Patrick McGrady is seeking a second four-year term as mayor of Aberdeen in Tuesday’s election, and is facing a challenge from City Councilman Melvin Taylor, who would be the first African-American elected as mayor since the city charter was revised and Aberdeen adopted a council-manager form of government in 1992 if he wins.
McGrady said he wants to build on the success of his first term and is looking toward resolving challenges facing the city in the next one.
In a letter to voters, McGrady noted that “Aberdeen is bustling and bubbling with more activity than I can ever recall — and I want to keep fighting for you.”
“Aberdeen folks agree with me that everything is going great right now in terms of direction and activity and development, and it feels like things are moving in a positive direction,” McGrady said Tuesday.
McGrady, 33, is married with three children and works in real estate property management. He was elected to his first term as mayor in 2015.
“Lots of people want to see me continue in that role, and I’m willing to serve another four years to keep the momentum going,” he said.
Taylor grew up in Aberdeen and started elementary school when schools were being desegregated in Harford County in the mid-1960s. More than 50 years later, some voters tell Taylor that they want to see greater diversity among Aberdeen’s elected officials — Taylor is the only black member of the four-person City Council.
Aberdeen would be the only one, out of Harford County’s three municipalities, to have an African-American as its elected leader if Taylor wins on Tuesday.
“It’s a win for Aberdeen,” Taylor, 62, said Tuesday. “It’s a win for Bel Air — it’s a win for the whole county.”
He said his votes on the council have always been a “positive vote for the citizens of Aberdeen, for those that really don’t have anyone there to speak up for them.”
“I want you to know and believe that your vote counts and your community matters,” Taylor wrote in his letter to voters. “You need and must have a city government that works for you, with you and stands beside you. Not just in good times; yet, at all times.”
Taylor and his wife of 31 years, Carol, have five children and six grandchildren. He is the pastor for Word of Faith International Outreach in Aberdeen, and he operates a delivery service, transporting mail, freight and packages for companies such as Amazon. He noted that his mayoral campaign has not been endorsed by any major organizations.
“I have a lot of support, but I’m getting it from the people, from the business owners that are putting my signs in their windows,” Taylor said. “People are excited about this election.”
McGrady is running on a number of successes that have happened in Aberdeen over the past four years, such as multiple new businesses setting up shop in the city, construction of a disabled-access ramp at the downtown post office on West Bel Air Avenue, ending the unpopular trash sticker program and shifting to trash containers supplied by the city, reducing the property tax rate, extending Middelton Road from Route 22 to Beards Hill Road, as well as improvements in public safety such as equipping all police officers with body cameras and funding school resource officers for the city’s middle and high school and elementary schools.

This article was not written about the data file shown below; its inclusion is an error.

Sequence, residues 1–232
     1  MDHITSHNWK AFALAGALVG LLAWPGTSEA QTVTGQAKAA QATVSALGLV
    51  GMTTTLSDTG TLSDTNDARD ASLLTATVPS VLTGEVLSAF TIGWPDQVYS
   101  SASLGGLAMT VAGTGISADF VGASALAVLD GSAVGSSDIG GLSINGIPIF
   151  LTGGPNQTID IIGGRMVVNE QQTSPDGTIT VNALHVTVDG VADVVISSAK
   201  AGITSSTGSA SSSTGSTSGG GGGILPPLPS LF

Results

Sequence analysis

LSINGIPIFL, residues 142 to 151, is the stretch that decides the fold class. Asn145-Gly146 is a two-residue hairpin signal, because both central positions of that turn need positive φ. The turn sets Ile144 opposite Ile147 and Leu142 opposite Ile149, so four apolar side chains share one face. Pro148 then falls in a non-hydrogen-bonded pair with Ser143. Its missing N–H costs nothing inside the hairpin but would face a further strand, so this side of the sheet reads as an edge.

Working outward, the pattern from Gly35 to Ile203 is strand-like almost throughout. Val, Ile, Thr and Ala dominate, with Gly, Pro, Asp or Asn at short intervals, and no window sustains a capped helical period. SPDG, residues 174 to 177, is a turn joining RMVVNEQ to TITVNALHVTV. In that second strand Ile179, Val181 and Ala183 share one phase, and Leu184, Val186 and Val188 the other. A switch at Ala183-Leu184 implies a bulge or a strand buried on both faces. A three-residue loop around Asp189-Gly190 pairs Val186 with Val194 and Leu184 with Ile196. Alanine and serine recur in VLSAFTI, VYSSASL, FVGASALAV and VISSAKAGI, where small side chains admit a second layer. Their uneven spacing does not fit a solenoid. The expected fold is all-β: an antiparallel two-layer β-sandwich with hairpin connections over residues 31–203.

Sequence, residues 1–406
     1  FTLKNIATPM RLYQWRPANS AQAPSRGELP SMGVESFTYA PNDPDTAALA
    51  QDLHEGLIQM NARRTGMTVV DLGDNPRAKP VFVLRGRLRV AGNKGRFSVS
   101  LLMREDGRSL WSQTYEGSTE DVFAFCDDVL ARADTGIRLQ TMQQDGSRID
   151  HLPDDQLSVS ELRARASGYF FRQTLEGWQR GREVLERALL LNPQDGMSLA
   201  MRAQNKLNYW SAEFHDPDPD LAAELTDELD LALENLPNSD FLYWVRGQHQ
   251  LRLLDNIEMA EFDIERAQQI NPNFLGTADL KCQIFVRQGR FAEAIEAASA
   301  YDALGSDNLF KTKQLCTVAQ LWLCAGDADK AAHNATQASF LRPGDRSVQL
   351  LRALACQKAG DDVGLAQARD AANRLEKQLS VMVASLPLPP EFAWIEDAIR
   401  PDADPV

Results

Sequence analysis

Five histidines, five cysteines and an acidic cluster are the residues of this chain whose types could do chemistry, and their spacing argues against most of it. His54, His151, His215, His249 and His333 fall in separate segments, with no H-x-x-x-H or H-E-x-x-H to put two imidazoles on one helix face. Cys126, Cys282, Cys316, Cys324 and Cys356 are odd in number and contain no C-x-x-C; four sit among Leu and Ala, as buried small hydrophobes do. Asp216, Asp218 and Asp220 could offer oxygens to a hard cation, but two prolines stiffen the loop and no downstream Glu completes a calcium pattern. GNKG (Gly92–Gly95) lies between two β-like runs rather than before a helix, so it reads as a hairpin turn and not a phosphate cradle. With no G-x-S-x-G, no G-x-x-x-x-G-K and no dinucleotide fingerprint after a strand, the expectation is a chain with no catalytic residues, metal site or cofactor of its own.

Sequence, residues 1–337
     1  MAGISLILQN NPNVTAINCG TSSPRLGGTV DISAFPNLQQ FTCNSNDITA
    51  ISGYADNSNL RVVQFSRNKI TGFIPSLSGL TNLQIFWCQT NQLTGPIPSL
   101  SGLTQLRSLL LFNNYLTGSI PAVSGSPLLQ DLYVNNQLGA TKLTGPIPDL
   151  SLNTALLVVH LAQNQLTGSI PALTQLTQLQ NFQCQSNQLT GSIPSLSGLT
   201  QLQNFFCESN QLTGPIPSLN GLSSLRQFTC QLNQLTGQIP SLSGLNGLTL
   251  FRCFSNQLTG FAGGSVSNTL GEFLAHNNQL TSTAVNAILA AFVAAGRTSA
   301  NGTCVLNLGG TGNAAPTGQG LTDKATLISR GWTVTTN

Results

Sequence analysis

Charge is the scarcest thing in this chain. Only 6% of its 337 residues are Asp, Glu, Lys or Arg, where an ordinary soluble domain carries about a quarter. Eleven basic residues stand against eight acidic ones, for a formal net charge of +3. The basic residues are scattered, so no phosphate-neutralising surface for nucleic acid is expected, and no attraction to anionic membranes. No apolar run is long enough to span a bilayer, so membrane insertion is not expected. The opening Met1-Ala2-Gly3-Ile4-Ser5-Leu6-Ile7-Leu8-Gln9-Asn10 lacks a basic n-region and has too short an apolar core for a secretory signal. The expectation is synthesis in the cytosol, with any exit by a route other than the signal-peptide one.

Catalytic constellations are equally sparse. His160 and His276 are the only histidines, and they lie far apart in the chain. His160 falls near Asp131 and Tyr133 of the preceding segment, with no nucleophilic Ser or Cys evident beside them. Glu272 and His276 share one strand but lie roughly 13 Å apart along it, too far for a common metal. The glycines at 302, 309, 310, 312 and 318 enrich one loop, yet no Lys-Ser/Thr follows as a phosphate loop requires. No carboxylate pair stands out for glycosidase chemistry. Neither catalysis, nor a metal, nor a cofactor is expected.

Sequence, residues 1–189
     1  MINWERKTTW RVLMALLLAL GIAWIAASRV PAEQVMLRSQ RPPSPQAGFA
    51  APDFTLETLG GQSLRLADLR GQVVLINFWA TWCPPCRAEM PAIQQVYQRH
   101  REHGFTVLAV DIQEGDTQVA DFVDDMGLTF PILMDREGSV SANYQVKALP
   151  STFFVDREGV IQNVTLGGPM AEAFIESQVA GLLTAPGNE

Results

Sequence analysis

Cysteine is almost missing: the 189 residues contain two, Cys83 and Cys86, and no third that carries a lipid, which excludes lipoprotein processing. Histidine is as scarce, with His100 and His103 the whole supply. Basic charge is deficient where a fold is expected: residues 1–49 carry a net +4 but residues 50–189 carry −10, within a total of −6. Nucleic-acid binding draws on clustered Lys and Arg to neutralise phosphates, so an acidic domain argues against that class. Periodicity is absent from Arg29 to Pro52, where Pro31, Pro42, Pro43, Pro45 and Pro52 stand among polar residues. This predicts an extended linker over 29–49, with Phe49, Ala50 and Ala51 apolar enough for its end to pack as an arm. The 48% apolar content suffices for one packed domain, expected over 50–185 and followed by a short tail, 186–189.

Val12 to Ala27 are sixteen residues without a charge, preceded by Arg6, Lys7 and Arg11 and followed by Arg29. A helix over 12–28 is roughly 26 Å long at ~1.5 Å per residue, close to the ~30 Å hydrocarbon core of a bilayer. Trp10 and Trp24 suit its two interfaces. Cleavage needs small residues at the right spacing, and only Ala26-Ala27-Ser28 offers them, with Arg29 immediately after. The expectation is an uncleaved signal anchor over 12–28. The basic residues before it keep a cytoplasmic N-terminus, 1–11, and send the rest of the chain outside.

The city has also, during McGrady’s tenure, established Keep Aberdeen Beautiful community clean-up events, which happen on a quarterly basis, and started the Aberdeen Farmers’ Market in Festival Park. Upcoming initiatives include obtaining Harford County funding to build a community center on a 13-acre parcel on West Bel Air Avenue that the city recently purchased, plus completing an agreement with Havre de Grace so that city can supply excess drinking water to Aberdeen, and preparing for the opening of a University of Maryland Upper Chesapeake free-standing medical center and psychiatric hospital in the Merritt Properties office building off of Route 22, according to McGrady’s letter.
Taylor praised the successes that have happened over the past four years — he and his colleagues on the council have worked with the mayor, city manager and city staff to make them happen.
He supported the police body camera program, as “this protects both the police officers and the citizens.”
People have expressed concerns to him about keeping city streets clean and homelessness in Aberdeen, but they also note recent successes.
“Certainly, they are enjoying taxes not being raised,” Taylor said.
The mayoral race is the only contested race in Aberdeen’s city election this year.
Four people are running unopposed for four seats on the City Council — incumbents Sandra Landbeck and Tim Lindecamp and newcomers Adam Hiob and Jason Kolligs. Incumbent Steven Goodin, who was appointed by the mayor after the race for the fourth council seat ended in a tie in the 2015 election, is stepping down, and Taylor is running for mayor.
The election will be Tuesday, Nov. 5, and the city has 10,879 eligible voters. The polls will be open from 7 a.m. to 8 p.m. in the Aberdeen Activity Center at 7 Franklin St., according to the city website.